The Fed’s move to begin cutting back on its asset purchases could flow down to variable credit card interest rates, which are impacted by the Fed’s monetary policy.
The Federal Reserve opted to keep its target Fed funds rate at the current 0% to 0.25% range at its September 2021 meeting, while stating that it’s moving closer to tapering asset purchases.
In a prepared statement, the Federal Open Market Committee, the Fed’s rate-setting body, noted the economy is moving closer to the Fed’s goal for maximum employment and price stability, with inflation on track to be higher than 2% for a while. The path of the economy still depends on how the coronavirus progresses, however, and improvement on the vaccination front would help.
With improvement in vaccinations so far, the economy has continued to grow stronger. That’s why the Fed is contemplating the start of a slowdown of its monthly purchases of $80 billion in Treasury securities and $40 billion in mortgage-backed securities. Those purchases will continue to be monitored.
Tapering impact could flow down to credit card rates
The asset purchases helped smooth the flow of credit through the economy during the pandemic, likely helping ease credit card rates as well. Variable credit card rates are tied to the Fed’s target interest rate, so a tightening of the Fed’s monetary policy, starting with its tapering of asset purchases, could impact card rates. Credit cardholders should take advantage of the current low rates.
In a related media conference, Fed Chair Jerome Powell noted that while the Fed’s asset purchases had helped “foster accommodative financial conditions,” the economy has made progress and the purchases are less useful now. If this progress continues, he said, “moderation is warranted.” The tapering could begin as early as the Fed’s next meeting in November, and the Fed is watching the September employment report.
It wouldn’t take a “knockout strong” employment report for September for the Fed to meet its employment goal and begin the tapering, but it would have to be a “decent” one, Powell said. While the “substantial progress test for employment is all but met,” he said, the Fed will look at the “broader environment” in deciding whether to taper.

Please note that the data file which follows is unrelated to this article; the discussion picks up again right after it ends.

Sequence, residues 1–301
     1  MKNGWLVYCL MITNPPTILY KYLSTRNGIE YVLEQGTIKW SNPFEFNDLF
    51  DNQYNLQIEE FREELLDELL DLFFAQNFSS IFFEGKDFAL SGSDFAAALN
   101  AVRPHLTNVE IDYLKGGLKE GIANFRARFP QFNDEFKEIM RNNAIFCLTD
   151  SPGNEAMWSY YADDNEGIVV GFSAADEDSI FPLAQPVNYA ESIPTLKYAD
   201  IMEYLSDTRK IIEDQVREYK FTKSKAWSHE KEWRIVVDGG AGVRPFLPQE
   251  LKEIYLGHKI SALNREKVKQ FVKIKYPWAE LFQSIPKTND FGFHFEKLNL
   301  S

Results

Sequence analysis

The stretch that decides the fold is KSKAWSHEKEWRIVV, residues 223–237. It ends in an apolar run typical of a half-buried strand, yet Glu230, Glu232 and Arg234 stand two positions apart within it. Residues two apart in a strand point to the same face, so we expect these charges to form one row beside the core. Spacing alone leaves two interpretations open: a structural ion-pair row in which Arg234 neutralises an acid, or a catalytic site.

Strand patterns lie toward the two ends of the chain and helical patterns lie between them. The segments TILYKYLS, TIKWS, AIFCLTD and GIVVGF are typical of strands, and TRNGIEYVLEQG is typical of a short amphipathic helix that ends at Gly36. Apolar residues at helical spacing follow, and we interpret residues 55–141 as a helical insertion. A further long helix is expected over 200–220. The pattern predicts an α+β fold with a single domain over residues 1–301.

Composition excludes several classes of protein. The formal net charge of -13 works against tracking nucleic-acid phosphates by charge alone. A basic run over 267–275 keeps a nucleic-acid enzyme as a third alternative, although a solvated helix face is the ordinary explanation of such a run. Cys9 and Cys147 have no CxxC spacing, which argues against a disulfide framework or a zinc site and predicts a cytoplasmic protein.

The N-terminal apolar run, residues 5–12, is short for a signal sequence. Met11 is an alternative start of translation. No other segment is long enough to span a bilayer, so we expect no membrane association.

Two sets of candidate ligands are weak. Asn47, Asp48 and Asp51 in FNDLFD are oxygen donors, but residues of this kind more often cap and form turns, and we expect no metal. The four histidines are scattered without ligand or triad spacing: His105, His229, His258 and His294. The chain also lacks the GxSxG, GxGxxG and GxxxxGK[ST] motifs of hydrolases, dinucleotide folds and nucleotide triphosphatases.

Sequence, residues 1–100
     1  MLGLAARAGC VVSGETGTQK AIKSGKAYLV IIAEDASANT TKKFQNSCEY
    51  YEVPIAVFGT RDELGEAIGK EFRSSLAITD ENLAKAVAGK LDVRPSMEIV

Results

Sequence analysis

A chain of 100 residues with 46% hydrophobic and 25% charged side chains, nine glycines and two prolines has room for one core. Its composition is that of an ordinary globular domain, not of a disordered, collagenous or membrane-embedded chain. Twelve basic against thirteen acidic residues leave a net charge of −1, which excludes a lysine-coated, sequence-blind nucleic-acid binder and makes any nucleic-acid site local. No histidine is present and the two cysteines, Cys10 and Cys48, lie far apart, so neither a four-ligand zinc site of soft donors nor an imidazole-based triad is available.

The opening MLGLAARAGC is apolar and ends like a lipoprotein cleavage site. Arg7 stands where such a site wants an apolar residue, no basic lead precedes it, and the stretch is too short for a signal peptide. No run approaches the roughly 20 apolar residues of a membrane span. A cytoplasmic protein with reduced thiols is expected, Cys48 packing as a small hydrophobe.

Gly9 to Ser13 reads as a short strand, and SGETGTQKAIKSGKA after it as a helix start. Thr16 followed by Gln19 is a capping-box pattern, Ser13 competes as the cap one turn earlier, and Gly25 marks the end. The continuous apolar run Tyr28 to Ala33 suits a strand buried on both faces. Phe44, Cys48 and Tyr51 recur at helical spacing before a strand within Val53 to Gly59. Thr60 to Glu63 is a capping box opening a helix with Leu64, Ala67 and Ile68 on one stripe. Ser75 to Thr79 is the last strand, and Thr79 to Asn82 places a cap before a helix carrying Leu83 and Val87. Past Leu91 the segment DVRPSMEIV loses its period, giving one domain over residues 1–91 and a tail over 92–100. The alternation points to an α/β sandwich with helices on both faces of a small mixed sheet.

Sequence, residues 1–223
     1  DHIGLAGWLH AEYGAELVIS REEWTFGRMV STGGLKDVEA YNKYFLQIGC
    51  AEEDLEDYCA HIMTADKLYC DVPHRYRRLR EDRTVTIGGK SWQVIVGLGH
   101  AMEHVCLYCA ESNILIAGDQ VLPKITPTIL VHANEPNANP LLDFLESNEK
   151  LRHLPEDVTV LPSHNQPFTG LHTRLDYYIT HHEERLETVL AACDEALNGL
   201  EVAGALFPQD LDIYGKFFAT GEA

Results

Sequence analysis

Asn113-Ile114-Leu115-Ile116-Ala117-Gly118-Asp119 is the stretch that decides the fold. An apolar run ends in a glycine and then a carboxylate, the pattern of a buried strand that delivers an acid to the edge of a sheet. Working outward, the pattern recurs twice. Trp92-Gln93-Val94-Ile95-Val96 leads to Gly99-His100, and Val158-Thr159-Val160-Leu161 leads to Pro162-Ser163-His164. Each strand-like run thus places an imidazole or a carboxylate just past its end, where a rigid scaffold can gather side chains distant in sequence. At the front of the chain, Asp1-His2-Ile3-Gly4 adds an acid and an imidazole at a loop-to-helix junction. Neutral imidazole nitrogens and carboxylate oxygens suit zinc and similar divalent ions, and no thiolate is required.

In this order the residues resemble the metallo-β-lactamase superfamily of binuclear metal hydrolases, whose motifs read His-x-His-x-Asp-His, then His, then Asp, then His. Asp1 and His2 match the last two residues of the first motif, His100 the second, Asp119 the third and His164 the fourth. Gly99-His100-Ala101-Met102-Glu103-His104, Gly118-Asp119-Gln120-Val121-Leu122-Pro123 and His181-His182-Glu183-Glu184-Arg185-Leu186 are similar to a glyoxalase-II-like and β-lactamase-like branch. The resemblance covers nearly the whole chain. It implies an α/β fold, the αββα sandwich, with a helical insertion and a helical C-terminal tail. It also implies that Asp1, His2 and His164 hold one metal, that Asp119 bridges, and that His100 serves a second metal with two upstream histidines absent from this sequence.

The slowdown of asset purchases could continue until mid-2022. The Fed is still a long way from beginning to actually increase its target funds rate.
Fed’s economic projections slow down
It seems Federal Reserve members have cut back on their economic growth expectations, based on the economic projections released by the Fed after the FOMC meeting. Their median expectation for economic growth for the year is at 5.9%, down from a forecast of 7% in June. For 2022, they see a higher level of economic output, at 3.8%, compared to 3.3% in June.
As for the target Fed funds rate, at the median, they anticipate it will be at 0.3% in 2022 – which means the Fed could start lifting off its target interest rate next year. For 2023, they see this measure at 1%. Only one Fed member doesn’t see a liftoff by 2023.
On the unemployment front, they expect this measure to be at 4.8% by year end, up from June’s median 4.5% projection. For 2022, their unemployment expectations remained steady at 3.8%. However, their inflation expectations had risen to 4.2% for 2021, from June’s projected 3.4%. For 2022, they see inflation at 2.2%, up from June’s 2.1%.
Inflation could surprise
According to Powell, “bottlenecks” in the supply chain and difficulties in hiring could pose an upside risk to inflation. But Fed members’ expectations for a 2.2% inflation rate in 2022 only represents a “modest overshoot” and one that consumers will likely not notice.
The New York Fed reports that households anticipate higher inflation in the near term, but not in the long term, Powell noted. However, the Fed is “watching carefully” and would react, he said, “if we did see inflation moving up in a troubling way.”
Employment is in a unique situation. While there are job openings aplenty, it’s difficult to hire. School re-openings and the end of unemployment benefits are anticipated to help ease the labor market situation in the fall, but the Delta variant of COVID could have an impact.
Unemployment rate disparities between various ethnic groups continues, but the Fed will continue to look at the broader overall unemployment rate in framing its policies. The Fed’s tools are famously blunt and fiscal policy is better at targeting such inequity, Powell observed.
Fed working on central bank digital currency
And the Fed continues to work on the development of a central bank digital currency to ensure economic stability. It’s looking into technology and public policy issues before making a decision on this. Though the case for a central bank digital currency is “quite compelling.” Powell said, “it is more important to do this right than to do it fast.” The Fed also has to be in concert with the Biden administration and Congress on this matter.